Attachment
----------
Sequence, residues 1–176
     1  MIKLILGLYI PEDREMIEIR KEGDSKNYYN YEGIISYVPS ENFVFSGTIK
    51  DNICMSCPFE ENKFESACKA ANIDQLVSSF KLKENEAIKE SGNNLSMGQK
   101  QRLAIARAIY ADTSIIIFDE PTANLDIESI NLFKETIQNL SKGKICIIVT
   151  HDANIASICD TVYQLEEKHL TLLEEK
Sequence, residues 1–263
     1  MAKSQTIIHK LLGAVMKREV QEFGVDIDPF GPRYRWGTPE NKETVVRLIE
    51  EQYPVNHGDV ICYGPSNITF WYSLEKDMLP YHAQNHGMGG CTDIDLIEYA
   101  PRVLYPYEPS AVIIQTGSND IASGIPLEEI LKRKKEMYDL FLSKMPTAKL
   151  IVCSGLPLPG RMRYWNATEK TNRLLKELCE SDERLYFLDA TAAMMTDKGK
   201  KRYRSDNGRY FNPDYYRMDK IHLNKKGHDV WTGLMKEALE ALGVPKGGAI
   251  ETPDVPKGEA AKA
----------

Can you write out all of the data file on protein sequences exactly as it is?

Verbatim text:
Sequence, residues 1–176
     1  MIKLILGLYI PEDREMIEIR KEGDSKNYYN YEGIISYVPS ENFVFSGTIK
    51  DNICMSCPFE ENKFESACKA ANIDQLVSSF KLKENEAIKE SGNNLSMGQK
   101  QRLAIARAIY ADTSIIIFDE PTANLDIESI NLFKETIQNL SKGKICIIVT
   151  HDANIASICD TVYQLEEKHL TLLEEK
Sequence, residues 1–263
     1  MAKSQTIIHK LLGAVMKREV QEFGVDIDPF GPRYRWGTPE NKETVVRLIE
    51  EQYPVNHGDV ICYGPSNITF WYSLEKDMLP YHAQNHGMGG CTDIDLIEYA
   101  PRVLYPYEPS AVIIQTGSND IASGIPLEEI LKRKKEMYDL FLSKMPTAKL
   151  IVCSGLPLPG RMRYWNATEK TNRLLKELCE SDERLYFLDA TAAMMTDKGK
   201  KRYRSDNGRY FNPDYYRMDK IHLNKKGHDV WTGLMKEALE ALGVPKGGAI
   251  ETPDVPKGEA AKA